Why we recommend experiencing the Galapagos by boat
Before my trip to the Galápagos Islands, I thought I knew exactly what to expect. However, the truth is, nothing will prepare you for this incredible place. Situated around 600 miles off the coast of Ecuador, these isles are a must-visit for any nature lover. Their isolation and the ongoing seismic and volcanic activity there has led to them being known for their abundance of rare and unique wildlife. Indeed, the Galápagos has more endemic species than any other part of the world and was the source of Charles Darwin’s theory of evolution. There is so much to see both on land and underwater – and in my opinion, there is nowhere better for a truly immersive wildlife experience.
I am a strong believer that the best way to explore the Galápagos is by boat. This enables you to take your time on each island, enjoying the vast array of flora and fauna that each one has to offer in utter tranquillity. There are two crucial factors when choosing your vessel: the guide-to-passenger ratio and the boat’s sustainability. I was lucky enough to spend four nights onboard the very comfortable Ocean Spray and experienced first-hand how much more you can learn from your naturalist guide in a smaller group – not only about the flora and fauna but also the conservation of the region.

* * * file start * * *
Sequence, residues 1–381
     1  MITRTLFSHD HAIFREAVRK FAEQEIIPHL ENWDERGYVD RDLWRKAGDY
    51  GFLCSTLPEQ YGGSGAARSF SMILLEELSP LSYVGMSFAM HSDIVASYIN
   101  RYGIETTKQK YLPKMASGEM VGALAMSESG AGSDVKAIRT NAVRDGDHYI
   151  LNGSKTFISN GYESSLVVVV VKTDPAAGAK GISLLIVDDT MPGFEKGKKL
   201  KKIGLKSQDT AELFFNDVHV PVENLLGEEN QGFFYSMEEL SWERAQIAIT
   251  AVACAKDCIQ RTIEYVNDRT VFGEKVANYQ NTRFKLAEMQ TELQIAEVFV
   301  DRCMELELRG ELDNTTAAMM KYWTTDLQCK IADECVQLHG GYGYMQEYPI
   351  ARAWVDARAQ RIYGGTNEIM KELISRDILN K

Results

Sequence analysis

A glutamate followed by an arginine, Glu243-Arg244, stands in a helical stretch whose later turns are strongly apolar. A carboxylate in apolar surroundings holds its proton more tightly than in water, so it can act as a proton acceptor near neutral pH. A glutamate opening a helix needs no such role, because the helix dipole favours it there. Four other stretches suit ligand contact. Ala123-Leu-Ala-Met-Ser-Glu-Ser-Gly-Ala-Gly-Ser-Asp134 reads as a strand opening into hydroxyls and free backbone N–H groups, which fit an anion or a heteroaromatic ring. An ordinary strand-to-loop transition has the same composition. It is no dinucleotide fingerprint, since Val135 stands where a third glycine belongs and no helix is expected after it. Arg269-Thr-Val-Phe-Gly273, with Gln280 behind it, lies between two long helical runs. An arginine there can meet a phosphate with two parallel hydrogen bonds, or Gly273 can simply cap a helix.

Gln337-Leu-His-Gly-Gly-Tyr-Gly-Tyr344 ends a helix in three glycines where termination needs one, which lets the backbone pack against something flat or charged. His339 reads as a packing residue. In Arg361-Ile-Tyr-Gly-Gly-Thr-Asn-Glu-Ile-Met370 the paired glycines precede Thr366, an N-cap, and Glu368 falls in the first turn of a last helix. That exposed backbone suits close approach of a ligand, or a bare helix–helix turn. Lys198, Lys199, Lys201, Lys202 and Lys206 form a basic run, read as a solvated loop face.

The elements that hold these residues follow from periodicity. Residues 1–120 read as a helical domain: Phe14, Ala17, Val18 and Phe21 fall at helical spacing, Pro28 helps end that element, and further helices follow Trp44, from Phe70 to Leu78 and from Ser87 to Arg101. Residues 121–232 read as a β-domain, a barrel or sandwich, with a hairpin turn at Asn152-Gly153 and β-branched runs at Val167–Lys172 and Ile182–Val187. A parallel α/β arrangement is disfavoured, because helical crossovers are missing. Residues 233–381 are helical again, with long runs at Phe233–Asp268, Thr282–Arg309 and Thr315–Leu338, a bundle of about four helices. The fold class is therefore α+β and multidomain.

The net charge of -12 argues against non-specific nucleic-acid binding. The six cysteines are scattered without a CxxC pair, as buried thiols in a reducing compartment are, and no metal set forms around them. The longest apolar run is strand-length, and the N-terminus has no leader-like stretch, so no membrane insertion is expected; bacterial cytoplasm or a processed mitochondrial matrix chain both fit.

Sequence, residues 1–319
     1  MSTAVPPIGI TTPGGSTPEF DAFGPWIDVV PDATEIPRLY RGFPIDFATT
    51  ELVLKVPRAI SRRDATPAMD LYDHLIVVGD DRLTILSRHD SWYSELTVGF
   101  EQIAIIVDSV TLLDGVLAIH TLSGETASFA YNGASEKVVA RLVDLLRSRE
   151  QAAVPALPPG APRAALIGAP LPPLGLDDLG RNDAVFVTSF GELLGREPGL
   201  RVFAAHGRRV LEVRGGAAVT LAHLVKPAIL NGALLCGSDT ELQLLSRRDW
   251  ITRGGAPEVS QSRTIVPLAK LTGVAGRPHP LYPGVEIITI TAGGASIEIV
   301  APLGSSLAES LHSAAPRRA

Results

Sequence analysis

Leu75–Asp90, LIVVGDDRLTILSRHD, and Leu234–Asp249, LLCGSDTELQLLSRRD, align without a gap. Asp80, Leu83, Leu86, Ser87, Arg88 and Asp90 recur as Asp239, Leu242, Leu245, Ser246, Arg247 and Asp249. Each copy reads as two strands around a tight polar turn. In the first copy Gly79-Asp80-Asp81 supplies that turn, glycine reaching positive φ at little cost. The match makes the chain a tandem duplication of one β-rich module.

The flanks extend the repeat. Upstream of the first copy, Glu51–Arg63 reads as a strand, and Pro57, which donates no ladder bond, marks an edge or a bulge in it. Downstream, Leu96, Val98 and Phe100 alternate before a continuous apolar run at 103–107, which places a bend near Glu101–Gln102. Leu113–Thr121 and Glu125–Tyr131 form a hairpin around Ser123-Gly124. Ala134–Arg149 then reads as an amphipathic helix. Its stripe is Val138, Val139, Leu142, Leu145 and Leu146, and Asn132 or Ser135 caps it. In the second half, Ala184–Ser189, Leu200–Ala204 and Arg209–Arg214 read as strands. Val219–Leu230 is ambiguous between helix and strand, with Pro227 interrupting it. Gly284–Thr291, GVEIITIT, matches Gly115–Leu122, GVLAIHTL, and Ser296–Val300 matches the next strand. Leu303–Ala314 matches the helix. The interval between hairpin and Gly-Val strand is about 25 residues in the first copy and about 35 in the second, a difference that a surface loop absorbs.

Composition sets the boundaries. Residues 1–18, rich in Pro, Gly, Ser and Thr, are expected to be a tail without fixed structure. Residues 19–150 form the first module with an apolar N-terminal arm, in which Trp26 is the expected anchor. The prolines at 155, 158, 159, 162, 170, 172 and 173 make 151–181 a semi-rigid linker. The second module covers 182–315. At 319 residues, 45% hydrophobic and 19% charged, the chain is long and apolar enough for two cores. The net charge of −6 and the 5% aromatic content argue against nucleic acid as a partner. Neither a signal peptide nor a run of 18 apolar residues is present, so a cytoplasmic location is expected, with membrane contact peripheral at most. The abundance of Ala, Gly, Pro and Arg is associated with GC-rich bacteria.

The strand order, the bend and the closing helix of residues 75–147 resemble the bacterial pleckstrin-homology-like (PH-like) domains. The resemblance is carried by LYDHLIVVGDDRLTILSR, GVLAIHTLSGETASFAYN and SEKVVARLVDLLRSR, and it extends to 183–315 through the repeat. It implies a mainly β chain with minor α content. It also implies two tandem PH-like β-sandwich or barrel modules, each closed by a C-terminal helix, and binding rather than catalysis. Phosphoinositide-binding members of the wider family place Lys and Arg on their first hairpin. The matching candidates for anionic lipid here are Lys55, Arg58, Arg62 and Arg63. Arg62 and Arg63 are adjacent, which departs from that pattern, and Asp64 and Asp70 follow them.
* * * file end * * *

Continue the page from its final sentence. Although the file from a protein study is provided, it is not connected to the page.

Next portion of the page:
In our rapidly changing world, it has become more important to me than ever to minimise my footprint I travel, particularly in such ecologically sensitive parts of the planet as the Galápagos. Ocean Spray is environmentally aware, offsetting all its carbon emissions through CanopyCo, an organisation dedicated to reforesting Ecuador to benefit the climate, empower communities and protect wildlife. It also supports the Simon Bolivar Volunteer Program, which supports health, environment and education projects.
What struck me most about the Galápagos was the fact that the animals there were not at all intimidated by our presence. I haven’t experienced this anywhere else on earth. Within a few days, I had snorkelled with sharks, stingrays, Galápagos penguins, sea lions and turtles, and all of them were happy for us to swim within a few feet of them. The terrestrial wildlife was also completely unafraid, and I saw giant tortoises, marine and land iguanas, sally lightfoot crabs and countless bird species, including magnificent frigatebirds, blue-footed boobies and flightless cormorants to name but a few.
A moment that stood out for me was a morning snorkelling with a raft of sea lions. There was one creature, in particular, who was completely fearless. I was initially quite apprehensive, as the friendly sea lion was getting so close, but soon, I realised he was completely harmless and simply wanted to play. My nerves turned into exhilaration and we spent almost an hour swimming along, with the sea lion doing laps around us and coming within centimetres of our underwater cameras.
It was an awe-inspiring experience – and one that I’ll never forget.
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